Project Management

5 Ways Great Managers Maintain Team Engagement

Software like Microsoft’s Workplace Analytics take seemingly trivial pieces of work data and extrapolate big conclusions from them. What trends in this data might be uncovered regarding management and employee engagement? In an article for Harvard Business Review, Ryan Fuller and Nina Shikaloff identify five behaviors of great managers found:

  1. Lead by example when it comes to working hours
  2. Ensure even allocation of work
  3. Maintain large internal networks across their company
  4. Appreciate the value of one-on-one meetings
  5. Maintain their own work engagement

We Got Engaged

When managers work longer hours, their employees are more likely to work upward of 19 percent more hours themselves. This is not necessarily a good thing in and of itself, except that employees of such managers tend to also exhibit slightly higher levels of engagement. If nothing else, this shows that people are willing to work harder for a boss who is working at least as hard him or herself. But that being said, the work still needs to be spread evenly among a team. Team members who receive a disproportionately high amount of the workload will disengage.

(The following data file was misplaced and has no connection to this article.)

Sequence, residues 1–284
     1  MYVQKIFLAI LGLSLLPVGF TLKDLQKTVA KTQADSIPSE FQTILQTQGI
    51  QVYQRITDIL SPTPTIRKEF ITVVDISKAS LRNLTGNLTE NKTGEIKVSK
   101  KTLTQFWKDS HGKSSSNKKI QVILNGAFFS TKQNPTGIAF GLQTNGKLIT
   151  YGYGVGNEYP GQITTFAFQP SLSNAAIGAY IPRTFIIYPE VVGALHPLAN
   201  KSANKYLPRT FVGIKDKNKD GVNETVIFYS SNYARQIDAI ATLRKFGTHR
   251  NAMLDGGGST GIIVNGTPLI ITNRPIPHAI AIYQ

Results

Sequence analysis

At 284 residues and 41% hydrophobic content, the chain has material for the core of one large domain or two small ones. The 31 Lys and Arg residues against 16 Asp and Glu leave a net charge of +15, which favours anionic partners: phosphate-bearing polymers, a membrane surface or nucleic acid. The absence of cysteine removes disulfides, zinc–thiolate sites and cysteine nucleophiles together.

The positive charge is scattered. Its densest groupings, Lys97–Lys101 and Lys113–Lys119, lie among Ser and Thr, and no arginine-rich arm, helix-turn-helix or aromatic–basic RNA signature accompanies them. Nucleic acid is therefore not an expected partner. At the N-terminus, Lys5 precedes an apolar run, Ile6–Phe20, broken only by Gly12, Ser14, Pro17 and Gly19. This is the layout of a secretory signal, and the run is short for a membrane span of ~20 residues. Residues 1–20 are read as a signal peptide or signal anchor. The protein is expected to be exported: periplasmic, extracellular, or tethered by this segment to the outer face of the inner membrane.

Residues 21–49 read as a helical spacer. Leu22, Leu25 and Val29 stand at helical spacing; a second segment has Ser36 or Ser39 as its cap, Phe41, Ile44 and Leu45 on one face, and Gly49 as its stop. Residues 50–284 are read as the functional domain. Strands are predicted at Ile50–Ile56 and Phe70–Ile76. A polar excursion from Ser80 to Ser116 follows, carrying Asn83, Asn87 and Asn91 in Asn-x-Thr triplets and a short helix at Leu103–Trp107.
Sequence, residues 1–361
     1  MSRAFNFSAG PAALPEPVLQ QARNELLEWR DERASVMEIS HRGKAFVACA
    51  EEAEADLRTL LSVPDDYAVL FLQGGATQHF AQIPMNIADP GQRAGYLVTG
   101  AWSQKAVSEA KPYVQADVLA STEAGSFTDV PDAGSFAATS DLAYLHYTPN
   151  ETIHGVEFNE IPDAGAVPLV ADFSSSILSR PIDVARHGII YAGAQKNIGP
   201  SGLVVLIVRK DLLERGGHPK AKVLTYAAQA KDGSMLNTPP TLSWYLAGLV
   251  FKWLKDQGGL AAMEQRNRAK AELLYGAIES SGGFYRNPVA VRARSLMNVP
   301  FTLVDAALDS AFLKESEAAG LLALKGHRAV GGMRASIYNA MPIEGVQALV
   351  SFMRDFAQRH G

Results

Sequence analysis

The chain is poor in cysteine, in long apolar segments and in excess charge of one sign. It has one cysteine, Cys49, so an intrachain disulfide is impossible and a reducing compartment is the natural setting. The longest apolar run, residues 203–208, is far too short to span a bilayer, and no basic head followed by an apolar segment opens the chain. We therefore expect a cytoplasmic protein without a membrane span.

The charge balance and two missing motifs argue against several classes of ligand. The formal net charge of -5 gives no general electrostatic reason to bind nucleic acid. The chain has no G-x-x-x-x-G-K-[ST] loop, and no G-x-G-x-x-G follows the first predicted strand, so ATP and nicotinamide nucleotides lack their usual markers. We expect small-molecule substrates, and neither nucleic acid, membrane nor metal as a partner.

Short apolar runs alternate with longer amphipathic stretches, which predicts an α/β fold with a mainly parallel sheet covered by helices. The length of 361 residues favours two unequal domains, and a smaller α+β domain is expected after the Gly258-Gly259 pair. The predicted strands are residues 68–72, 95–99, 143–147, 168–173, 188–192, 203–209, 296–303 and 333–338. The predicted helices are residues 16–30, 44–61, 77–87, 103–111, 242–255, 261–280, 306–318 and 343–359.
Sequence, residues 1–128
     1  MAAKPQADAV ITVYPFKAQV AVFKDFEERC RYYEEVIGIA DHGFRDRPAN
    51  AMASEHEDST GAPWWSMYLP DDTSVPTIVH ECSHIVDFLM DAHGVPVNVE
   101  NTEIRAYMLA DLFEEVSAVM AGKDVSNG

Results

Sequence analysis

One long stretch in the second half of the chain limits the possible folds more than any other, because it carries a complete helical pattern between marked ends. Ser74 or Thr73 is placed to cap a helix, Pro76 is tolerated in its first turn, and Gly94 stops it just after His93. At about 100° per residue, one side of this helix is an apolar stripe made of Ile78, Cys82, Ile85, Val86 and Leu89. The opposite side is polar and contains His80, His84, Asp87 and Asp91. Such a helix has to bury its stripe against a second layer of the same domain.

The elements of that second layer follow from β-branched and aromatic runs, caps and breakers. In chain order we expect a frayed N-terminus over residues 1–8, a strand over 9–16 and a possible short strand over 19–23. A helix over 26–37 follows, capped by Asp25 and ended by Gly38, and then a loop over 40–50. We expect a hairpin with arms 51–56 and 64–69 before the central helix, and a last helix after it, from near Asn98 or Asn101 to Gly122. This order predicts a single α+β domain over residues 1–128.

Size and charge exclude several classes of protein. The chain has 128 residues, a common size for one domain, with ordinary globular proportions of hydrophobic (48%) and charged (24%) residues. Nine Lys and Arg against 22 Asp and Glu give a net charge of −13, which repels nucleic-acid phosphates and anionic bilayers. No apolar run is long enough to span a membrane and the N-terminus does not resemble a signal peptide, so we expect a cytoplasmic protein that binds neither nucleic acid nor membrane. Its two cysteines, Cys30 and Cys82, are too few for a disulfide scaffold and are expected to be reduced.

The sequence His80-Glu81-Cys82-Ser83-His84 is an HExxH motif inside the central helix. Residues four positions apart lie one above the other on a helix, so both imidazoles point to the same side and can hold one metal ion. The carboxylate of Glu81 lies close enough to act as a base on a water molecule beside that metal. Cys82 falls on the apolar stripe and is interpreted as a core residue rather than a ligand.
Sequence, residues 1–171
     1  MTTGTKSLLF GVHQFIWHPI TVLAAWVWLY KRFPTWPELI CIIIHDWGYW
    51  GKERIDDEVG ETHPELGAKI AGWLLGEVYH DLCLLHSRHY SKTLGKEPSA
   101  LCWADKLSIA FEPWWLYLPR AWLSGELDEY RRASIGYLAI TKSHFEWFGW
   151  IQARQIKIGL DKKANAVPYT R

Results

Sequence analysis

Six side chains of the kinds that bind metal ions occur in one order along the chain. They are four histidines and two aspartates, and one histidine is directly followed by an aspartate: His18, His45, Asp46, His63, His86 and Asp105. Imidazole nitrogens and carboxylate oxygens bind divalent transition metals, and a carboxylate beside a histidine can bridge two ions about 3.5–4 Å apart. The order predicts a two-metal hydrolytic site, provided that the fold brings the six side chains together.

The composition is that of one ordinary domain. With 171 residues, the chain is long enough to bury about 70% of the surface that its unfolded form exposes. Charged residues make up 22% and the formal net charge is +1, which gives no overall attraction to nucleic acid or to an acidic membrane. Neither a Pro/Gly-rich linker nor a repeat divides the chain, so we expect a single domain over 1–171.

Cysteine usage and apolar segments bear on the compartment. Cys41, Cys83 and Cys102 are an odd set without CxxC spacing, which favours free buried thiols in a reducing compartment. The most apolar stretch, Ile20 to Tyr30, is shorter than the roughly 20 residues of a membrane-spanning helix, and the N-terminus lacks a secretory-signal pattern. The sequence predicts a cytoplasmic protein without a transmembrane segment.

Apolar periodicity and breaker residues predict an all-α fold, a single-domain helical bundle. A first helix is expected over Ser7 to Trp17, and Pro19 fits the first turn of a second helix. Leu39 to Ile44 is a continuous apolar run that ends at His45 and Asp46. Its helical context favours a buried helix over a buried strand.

About the value of networks, Fuller and Shikaloff say this:

…we found that employees who report to a manager with a relatively large internal network — in the top quartile of all managers, more specifically — have engagement scores up to 5% higher.  Additionally, these employees had networks up to 85% larger than those of their colleagues reporting to managers with smaller networks.

We also found that managers with small networks can have a significantly negative impact on their teams.  Employees who had networks 110% or more larger than their manager are 50% more likely to be disengaged and twice as likely to view leadership unfavorably.

Unsurprisingly, the more one-on-one attention a manager gives to an employee, the more likely that employee is to remain engaged. In the data examined, no drop-off point was found where too much individual attention hurts engagement, though it could exist. And lastly, yes, great managers keep engaged themselves. Nobody wants to work for somebody who does not care about the job in the first place.

You can view the original article here:

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